MEET WHAT’S HIS FACE
by Isadora Alman
Once upon a time an unmarried woman, if she was among the fortunate, had a beau, or even more fortunately, beaux. If she and a beau reached some sort of understanding, she had a fiancé. There was a good deal of gray area in being a beau, covering asking for more than one dance in an evening all the way to coming regularly to her family’s home to dinner. Being affianced was far more specific – “we hope some day to be married” – but not necessarily too specific; no date had to be set, not even if years went by.
Today, in this age of technology we went precision in our language. If we have it for the ever-more complicated machinery which runs our lives, all the more do we want it in our interpersonal relationships. (“Who is this person and what is the nature of your relationship?”), the arrangements women have with those who used to be called beaux becomes more cryptic.
Over recent years the one with whom we get it on – or as the Brits say, have it off – has been referred to by a wide assortment of names, all less than adequate for all-purpose usage. Sure, you might opt for the tried and true boyfriend or girlfriend, but doesn’t it sound a bit silly for anyone past adolescence? Columnists favorite euphemism, “good friend”, almost needs to be accompanied by an arch little moue and lift of the eyebrow. The to-the-point title of “lover”, to my mind anyway, immediately conjures graphic images of entangled limbs and sweaty sheets. Fascinating, certainly, but less than ideal in most conversations.
“Significant other” I thought was a most acceptable term until I overheard a luncher in the adjoining booth dishing her “insignificant other.” It set me to ranking years of petitioners for my hand…and other body parts… on a scale of relative importance in my life and the whole concept got lost in the giggles. Likewise the perfectly serviceable and inoffensive “person I’m currently seeing.” We all knew that when two adults are “seeing” each other on a regular basis these days there is a distinct possibility of some sexual interaction. This is at least a more modest, and less erroneous, locution than “the guy you’re sleeping with.” So “the one I’m currently seeing” sounded good to me until I ran across a quote from the late great comic song writer Alan Sherman: “How did we ever get to confuse copulation with vision?” he asked. “Has anyone ever heard of a fucking-eye dog?”
Let’s say you and What’s-his-name agree upon an LTA, (Living Together Arrangement), a step between beau and fiancé totally unknown to our foremothers, forefathers, forebrethren or sisteren. Now who is this guy to you? “Domestic companion” sounds like your faithful old Basset hound or the person hired to push your wheelchair, and “house mate” like someone assigned by the campus roommate referral service. The U.S. Census Bureau inadvertently coined a new euphemism in POSSLQ, pronounced “posselcue”, an acronym for Persons Of The Opposite Sex Sharing Living Quarters. The assumption here being that men and women under the same roof must be up to something that same sex aggregates couldn’t possibly be. Wrong on both counts!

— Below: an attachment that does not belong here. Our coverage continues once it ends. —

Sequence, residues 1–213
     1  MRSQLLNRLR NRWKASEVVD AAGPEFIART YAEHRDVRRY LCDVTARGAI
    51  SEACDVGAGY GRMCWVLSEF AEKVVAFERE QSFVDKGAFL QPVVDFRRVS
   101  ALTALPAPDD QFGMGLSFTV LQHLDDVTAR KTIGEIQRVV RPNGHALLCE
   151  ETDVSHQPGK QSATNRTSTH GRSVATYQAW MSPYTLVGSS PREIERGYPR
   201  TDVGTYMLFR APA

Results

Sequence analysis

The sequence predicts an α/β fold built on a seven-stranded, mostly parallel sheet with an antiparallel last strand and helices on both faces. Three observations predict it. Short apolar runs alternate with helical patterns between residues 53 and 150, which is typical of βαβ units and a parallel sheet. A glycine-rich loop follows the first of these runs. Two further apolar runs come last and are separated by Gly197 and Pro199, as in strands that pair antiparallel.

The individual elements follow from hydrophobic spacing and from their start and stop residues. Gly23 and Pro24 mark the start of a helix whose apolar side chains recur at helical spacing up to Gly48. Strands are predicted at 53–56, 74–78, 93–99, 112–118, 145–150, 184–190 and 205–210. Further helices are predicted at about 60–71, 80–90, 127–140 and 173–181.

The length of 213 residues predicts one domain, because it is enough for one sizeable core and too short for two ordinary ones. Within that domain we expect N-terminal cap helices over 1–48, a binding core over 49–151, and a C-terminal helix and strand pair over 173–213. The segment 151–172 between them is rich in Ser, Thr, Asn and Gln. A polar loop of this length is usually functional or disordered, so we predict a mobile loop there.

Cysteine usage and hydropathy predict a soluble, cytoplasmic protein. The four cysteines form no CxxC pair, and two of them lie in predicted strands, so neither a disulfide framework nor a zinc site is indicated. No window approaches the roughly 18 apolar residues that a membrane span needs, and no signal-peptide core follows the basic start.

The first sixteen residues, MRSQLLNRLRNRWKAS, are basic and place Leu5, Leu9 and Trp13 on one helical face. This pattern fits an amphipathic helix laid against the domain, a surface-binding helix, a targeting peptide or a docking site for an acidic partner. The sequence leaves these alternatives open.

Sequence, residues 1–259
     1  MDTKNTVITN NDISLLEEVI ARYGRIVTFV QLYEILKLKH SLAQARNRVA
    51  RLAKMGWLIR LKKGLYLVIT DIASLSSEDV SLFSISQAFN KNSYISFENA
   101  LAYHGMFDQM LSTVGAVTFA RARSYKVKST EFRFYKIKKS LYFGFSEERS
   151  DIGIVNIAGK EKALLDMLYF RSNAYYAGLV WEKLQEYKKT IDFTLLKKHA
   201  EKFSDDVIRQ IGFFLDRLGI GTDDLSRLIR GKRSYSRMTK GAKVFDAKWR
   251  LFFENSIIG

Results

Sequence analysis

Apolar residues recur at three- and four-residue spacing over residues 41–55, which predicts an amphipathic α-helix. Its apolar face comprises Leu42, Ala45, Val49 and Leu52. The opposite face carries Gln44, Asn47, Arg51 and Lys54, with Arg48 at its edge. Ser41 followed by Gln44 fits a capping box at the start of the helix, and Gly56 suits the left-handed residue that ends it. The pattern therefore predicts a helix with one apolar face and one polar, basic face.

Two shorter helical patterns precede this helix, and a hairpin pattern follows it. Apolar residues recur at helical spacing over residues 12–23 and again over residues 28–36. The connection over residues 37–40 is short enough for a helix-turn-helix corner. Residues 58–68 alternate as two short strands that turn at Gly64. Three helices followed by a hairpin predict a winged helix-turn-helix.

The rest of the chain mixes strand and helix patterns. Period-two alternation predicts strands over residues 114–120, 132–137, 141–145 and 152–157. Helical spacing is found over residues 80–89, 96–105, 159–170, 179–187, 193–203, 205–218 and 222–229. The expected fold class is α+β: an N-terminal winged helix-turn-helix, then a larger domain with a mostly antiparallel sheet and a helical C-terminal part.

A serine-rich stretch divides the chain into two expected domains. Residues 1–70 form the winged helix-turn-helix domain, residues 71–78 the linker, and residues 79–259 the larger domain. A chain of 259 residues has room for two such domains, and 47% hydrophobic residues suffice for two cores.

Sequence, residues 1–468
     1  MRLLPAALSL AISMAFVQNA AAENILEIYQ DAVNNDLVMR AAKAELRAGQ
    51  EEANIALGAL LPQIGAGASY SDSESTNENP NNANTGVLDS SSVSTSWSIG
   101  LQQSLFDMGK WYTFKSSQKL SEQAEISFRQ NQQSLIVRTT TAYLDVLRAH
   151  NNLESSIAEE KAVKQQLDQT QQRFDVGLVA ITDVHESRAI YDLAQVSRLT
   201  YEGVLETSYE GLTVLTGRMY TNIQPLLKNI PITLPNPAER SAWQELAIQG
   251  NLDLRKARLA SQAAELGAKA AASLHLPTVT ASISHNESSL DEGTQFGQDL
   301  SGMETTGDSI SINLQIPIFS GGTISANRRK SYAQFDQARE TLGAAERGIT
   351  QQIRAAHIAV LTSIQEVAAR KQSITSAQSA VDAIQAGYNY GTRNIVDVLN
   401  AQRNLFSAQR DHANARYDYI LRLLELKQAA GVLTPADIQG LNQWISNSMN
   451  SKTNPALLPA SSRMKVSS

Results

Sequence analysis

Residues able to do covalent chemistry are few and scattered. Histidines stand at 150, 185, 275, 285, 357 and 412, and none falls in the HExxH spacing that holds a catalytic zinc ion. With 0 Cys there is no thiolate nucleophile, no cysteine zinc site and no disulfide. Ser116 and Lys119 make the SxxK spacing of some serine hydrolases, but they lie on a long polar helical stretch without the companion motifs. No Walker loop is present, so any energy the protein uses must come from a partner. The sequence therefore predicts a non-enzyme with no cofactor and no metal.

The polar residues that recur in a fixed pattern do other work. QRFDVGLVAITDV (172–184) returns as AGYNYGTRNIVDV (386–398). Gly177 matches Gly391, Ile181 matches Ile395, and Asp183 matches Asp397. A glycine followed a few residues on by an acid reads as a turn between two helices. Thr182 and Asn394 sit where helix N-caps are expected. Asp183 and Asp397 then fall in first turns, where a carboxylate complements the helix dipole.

Even if you decide on something to call the person whose whiskers you find in your sink or pantyhose on your shower rod, what about everybody else? Will it not annoy him or her to be designated “and Guest” on the invitations you receive? Or not acknowledged at all when your Aunt Rose phones? One woman I know called her daughter’s live-in beau who was not, to her shame, legally a family member, her “son-out-law”.
So far we’re struggling with the most basic relationship. Let’s look at some graduate-level posers. Like Judy and Rob who ended their marriage in the most amicable of fashions. No litigation, no divorce, simply a mutual decision to live separate lives with the other still very much a part of it. Since they are then not an “ex” to each other, what they have decided upon is “Y’s”, as in close to X and reflecting the questions they constantly are asked regarding their arrangement.
My gardener James married his long time friend Linda. Will they now walk off into the sunset hand in hand? More like hand in hand in hand once you take into account Linda’s lover of many years, Barbara. Linda is, of course, James’ wife, even though it raises the eyebrows of acquaintances. What raises the corners of their mouths is James’ name for Barbara, his wife-in-law.
What could you do with another woman in your man’s life whom you happen to like? Are you her SEXcessor? Sister in skin? What of that embarrassingly brief romancette often referred to as a one-night stand? Since the encounter was unlikely to be vertical anyway, why not retitle it a “one night lay”, or, in some cases having nothing to do with grammar, a “one night lie?”
European Jews have a name for the relationship of the mother of the groom to the mother of the bride and Mexicans for what one godparent to a newly baptized infant is to the other one. There are arrangements and people in my life and I’m sure in yours that are more immediately in need of clarification and classification, such as who is that guy I saw you with. So unless you can manage a maidenly blush and a straight face when introducing him as your beau, maybe you and your “squeeze” could come up with a few alternatives…that is, when you’re not busy “doing each other.”
(C) Copyright Isadora Alman. All rights reserved.